In a new report released today by USC’s Program for Environmental and Regional Equality, University of California professor and warehousing and logistics expert Juan D. de Lara reveals that the local warehousing industry is relying on low-paid, temporary workers at serious risk to the ongoing economic health of the region.
In Work: Path to the Middle Class or Road to Economic Insecurity?, De Lara takes a closer look at labor and census statistics to unpack actual warehouse worker wages. “It should be clear that most blue collar warehouse workers earn far less than the average logistics annual wage of $45,000. Any conversation about the future of the logistics industry as a key driver in the Inland Empire’s regional economy should begin with an honest assessment of blue-collar vs. white collar wages,” he writes.
The state of California has ordered a Southern California warehouse that processes merchandise for Walmart and other retailers to pay 865 workers more than $1 million in stolen wages.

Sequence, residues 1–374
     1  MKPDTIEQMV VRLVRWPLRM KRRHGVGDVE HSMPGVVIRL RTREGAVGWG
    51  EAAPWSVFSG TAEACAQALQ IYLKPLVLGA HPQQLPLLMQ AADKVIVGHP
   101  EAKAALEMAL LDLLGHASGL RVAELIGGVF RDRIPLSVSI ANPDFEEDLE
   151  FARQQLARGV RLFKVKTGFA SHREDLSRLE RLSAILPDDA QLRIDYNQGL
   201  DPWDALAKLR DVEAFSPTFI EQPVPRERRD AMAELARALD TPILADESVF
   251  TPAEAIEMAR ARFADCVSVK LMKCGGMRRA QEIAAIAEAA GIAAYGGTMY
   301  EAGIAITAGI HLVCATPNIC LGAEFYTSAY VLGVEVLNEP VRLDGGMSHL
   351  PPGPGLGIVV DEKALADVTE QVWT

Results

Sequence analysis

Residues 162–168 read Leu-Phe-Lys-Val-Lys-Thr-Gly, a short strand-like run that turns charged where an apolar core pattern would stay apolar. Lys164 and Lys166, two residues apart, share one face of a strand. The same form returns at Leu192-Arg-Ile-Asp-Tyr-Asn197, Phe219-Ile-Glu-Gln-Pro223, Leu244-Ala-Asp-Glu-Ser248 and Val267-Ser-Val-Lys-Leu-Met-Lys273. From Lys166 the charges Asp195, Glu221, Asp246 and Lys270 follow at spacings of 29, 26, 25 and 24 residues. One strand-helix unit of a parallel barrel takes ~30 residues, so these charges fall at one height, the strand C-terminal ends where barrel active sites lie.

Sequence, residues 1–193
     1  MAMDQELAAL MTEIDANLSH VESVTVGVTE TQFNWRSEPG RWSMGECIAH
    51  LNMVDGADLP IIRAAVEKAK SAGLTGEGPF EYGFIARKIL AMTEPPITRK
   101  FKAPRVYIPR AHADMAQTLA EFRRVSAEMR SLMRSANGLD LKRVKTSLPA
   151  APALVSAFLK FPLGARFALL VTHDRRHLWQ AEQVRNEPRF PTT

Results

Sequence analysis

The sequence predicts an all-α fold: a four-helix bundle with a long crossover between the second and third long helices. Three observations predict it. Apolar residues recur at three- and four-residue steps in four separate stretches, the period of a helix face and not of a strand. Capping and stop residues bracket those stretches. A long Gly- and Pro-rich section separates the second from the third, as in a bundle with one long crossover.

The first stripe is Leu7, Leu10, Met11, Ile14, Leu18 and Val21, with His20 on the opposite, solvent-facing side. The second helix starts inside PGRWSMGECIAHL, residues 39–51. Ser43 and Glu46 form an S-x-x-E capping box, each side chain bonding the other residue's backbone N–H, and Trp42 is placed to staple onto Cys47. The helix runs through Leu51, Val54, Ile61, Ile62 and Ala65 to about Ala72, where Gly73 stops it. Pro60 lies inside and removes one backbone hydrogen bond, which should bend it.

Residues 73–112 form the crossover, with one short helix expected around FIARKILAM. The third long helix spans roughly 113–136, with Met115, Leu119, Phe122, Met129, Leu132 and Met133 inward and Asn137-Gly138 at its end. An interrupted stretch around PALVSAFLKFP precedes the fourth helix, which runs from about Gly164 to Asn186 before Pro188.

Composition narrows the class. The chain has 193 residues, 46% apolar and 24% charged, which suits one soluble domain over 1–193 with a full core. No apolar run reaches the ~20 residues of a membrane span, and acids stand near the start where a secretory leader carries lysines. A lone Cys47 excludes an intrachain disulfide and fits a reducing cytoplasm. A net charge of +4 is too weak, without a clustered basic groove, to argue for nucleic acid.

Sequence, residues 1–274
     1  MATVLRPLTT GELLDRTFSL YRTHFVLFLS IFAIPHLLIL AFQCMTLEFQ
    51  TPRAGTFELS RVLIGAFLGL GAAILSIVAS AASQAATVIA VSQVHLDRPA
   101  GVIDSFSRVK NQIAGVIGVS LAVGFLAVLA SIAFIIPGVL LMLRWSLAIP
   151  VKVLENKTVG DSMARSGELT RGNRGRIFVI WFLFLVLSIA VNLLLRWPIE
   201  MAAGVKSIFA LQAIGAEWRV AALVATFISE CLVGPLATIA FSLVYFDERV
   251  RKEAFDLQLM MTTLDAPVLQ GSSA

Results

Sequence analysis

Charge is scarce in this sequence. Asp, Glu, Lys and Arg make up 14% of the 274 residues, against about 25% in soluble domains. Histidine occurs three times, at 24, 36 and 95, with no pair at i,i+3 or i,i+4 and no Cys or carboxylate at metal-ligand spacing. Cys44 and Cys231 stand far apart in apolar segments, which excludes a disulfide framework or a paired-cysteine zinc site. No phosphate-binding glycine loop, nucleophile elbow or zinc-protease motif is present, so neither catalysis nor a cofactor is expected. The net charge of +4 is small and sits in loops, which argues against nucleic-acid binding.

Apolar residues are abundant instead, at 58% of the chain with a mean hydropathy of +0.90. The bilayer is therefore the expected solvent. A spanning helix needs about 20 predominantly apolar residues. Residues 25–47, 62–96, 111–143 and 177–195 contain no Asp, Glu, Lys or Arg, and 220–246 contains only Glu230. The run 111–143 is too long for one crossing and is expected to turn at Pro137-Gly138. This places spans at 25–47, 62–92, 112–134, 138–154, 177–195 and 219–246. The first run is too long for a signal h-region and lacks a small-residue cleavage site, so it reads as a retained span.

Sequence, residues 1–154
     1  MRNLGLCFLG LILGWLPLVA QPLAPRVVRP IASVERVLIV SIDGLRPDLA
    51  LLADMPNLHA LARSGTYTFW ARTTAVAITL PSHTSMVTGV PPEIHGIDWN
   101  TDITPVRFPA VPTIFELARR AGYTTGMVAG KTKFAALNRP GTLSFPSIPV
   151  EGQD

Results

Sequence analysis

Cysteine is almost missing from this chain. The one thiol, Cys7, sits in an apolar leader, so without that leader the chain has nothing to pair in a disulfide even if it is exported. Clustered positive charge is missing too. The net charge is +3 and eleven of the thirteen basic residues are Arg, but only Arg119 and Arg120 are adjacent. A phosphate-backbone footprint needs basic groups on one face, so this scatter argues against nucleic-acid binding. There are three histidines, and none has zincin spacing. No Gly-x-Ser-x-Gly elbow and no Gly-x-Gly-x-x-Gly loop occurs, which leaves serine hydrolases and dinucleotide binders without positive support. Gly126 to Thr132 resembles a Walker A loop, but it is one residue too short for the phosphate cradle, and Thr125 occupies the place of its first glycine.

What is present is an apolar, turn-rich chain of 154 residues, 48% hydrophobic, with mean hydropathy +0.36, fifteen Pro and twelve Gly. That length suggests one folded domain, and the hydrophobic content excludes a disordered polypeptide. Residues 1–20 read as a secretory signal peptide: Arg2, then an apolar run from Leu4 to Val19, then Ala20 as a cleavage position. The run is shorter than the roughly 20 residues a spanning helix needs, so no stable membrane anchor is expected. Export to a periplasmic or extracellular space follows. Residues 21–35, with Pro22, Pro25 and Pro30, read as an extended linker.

The California Division of Labor Standards Enforcement issued the citations Monday, Jan. 28 against Quetico, LLC, a large warehouse complex in Chino, California. Back wages and unpaid overtime total more than $1.1million and in addition the state issued about $200,000 in penalties.
The state of California has cited two companies at a Walmart-dedicated warehouse in the Inland Empire for a number of safety violations after employees lodged complaints in July with Cal/OSHA.
The citations, which total about $60,000 and include several serious violations, are against the warehouse operator, NFI, and the temporary staffing agency, Warestaff, that supplied most of the warehouse workers at the facility. (Download the NFI Citations and Warestaff Citations.)
In an open letter to Walmart’s Board of Directors and other top leadership, warehouse workers raised serious concerns about a new plan to monitor domestic warehousing facilities. Read the open letter to Walmart leadership.
Walmart announced plans for a new program modeled after its flawed global monitoring program without any detail in The Wall Street Journal Dec. 28. A Walmart spokesman said only that they take the issue “seriously.”